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US study finds 1 in 10 has prolonged COVID-19 infection Omicron begins identifying key symptoms

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According to a study of about 10,000 Americans aimed at unraveling the mysterious symptoms, about 10% of people are expected to suffer from the new coronavirus infection for a long time after being infected with Omicron, which is more than the early stage of the pandemic. is also a low estimate.

Early findings from the National Institutes of Health study show that the dozens that best characterize long-lasting COVID-19 (even mild COVID-19 infections can last months to years) focuses on the symptoms of

Millions of people around the world have been infected with COVID-19 for an extended period of time, with dozens of symptoms ranging from fatigue to headaches. Scientists still don’t know what causes it, why it only affects some people, how to treat it, or even the best way to diagnose it. Better defining the conditions is the key to getting these answers in research.

One of the study’s authors, Leora Horwitz, Ph.D., of New York University Langone Health, said, “Sometimes I hear people say, ‘Oh, they’re all a little tired.’ There’s something different about it, and it’s important to know that.” ”

New study published Thursday Published in Journal of the American Medical Associationincludes more than 8,600 adults who contracted COVID-19 at various points in the pandemic, compared with another 1,100 who were not infected.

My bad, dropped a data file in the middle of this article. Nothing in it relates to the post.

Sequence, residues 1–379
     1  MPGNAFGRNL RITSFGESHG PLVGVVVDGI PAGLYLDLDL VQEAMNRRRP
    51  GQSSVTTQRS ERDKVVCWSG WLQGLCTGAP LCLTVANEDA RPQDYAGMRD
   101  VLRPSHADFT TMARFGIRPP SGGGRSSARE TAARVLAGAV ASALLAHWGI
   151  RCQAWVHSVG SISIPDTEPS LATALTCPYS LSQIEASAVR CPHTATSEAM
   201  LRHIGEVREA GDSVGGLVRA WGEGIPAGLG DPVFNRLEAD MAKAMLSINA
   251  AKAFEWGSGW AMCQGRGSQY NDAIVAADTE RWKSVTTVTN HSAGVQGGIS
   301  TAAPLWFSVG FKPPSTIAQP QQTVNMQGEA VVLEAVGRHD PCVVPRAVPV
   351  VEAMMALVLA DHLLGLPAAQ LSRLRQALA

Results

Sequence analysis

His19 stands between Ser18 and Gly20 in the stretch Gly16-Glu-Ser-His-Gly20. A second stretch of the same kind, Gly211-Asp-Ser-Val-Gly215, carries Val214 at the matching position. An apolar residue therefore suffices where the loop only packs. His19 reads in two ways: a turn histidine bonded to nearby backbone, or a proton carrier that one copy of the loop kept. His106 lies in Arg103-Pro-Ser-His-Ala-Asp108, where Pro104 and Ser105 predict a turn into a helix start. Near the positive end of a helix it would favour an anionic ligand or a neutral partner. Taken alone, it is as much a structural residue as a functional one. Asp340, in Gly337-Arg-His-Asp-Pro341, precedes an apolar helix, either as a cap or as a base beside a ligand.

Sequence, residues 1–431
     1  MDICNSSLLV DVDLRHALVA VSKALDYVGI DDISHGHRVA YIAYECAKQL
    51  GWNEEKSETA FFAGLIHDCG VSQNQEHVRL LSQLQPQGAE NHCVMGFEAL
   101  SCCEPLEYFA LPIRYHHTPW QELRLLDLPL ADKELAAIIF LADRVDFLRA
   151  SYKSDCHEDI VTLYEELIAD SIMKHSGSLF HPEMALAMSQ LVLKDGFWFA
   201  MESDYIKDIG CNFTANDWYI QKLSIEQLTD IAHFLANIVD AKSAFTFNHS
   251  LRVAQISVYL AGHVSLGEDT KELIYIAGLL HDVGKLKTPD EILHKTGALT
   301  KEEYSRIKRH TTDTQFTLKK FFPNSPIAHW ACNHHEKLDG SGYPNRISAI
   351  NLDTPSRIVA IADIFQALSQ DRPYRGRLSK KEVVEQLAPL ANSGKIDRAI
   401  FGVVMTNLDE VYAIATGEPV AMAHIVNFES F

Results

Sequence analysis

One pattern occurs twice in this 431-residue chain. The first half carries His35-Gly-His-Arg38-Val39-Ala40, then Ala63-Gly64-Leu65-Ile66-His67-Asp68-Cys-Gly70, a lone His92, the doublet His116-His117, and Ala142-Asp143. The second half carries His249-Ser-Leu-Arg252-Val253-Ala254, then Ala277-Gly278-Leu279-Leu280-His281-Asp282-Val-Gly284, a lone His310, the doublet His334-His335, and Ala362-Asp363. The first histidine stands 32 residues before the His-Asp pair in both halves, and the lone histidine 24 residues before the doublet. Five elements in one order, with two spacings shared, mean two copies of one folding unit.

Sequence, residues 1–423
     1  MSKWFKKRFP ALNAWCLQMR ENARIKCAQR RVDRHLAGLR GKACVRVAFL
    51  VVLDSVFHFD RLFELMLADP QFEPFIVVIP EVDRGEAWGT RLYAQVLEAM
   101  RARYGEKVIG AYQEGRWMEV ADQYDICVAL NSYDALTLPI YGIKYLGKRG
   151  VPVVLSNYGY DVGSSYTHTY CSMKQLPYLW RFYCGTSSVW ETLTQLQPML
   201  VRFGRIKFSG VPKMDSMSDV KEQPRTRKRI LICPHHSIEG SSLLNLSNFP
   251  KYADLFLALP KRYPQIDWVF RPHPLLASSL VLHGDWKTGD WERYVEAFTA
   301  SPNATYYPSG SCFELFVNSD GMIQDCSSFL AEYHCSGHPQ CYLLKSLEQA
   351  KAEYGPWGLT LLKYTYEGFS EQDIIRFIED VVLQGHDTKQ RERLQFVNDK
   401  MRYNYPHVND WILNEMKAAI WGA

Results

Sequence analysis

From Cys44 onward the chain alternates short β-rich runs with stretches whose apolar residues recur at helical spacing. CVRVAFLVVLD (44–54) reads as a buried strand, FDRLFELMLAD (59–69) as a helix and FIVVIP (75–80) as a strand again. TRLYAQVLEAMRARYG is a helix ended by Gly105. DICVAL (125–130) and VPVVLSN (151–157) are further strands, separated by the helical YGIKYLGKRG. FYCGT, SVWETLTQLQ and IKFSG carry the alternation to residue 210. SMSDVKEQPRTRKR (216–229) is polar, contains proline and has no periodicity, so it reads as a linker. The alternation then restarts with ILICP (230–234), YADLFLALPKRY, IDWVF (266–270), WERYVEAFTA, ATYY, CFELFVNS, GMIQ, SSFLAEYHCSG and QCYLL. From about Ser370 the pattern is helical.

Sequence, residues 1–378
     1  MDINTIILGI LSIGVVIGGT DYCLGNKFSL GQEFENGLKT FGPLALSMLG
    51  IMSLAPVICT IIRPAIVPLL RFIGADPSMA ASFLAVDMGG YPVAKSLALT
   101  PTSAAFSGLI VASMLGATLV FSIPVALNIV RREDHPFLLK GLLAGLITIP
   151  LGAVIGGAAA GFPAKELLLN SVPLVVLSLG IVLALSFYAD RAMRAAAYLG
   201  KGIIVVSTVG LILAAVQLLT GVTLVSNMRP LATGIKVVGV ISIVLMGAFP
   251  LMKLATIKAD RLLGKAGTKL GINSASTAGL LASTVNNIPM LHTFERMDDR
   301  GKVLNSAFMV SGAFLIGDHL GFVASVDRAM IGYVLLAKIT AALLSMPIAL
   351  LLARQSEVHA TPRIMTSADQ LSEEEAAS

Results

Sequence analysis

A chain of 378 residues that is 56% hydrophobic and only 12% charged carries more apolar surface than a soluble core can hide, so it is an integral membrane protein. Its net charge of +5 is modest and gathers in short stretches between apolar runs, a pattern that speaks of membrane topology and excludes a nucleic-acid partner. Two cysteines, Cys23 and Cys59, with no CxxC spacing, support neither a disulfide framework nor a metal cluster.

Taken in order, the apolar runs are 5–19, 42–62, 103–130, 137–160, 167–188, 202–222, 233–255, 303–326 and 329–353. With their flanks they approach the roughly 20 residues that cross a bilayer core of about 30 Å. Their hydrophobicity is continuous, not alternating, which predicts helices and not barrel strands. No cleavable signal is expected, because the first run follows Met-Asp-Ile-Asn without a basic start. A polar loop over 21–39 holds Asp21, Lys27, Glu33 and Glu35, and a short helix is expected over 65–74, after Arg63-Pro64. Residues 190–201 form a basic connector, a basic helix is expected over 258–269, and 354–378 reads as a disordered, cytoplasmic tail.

Not to be confused with people who have not yet contracted COVID-19, the researchers found that people who have natural immunity to the virus (those who have never had COVID-19) never get sick. I believe.

By some estimates, approximately 1 in 3 COVID-19 patients experience long-term COVID-19. This is similar to NIH study participants who reported illness before the Omicron variant began spreading in the United States in December 2021. The study began around this time, and the researchers noted that people who had already had symptoms of the coronavirus for a long time might have been more likely to enroll.

However, after the study began, about 2,230 patients contracted coronavirus for the first time and were able to report symptoms in real time, with only about 10% experiencing long-term symptoms six months later.

Previous studies have long suggested that the risk of COVID-19 has declined since the omicron appeared. Its descendants continue to spread.

A bigger question is how to identify and help those who have already had Covid-19 for a long time.

A new study highlights a dozen symptoms that may help define long-term COVID-19. forgetfulness; dizziness; gastrointestinal symptoms. heart palpitations; sexual problems. Loss of smell or taste. thirst; chronic cough. Chest pain; worse after activity or unusual movement.

The researchers assigned scores to symptoms and established thresholds to ensure that similar patients were enrolled in potential long-term novel coronavirus treatment studies, such as as part of a NIH study, to identify the same patient. The aim was to compare conditions.

Horwitz emphasized that doctors should not use the list to diagnose long-term COVID-19 patients, but rather that it is a potential research tool. The patient may have one or more of these symptoms, or others not listed, and may still be suffering from the long-term effects of the coronavirus.

Everyone is doing lengthy coronavirus studies, but “we don’t even know what that means,” Horwitz said.

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Written by Natalia Chi

Chicago Popular; Chicago breaking news, weather and live video. Covering local politics, health, traffic and sports for Chicago, the suburbs and northwest Indiana.

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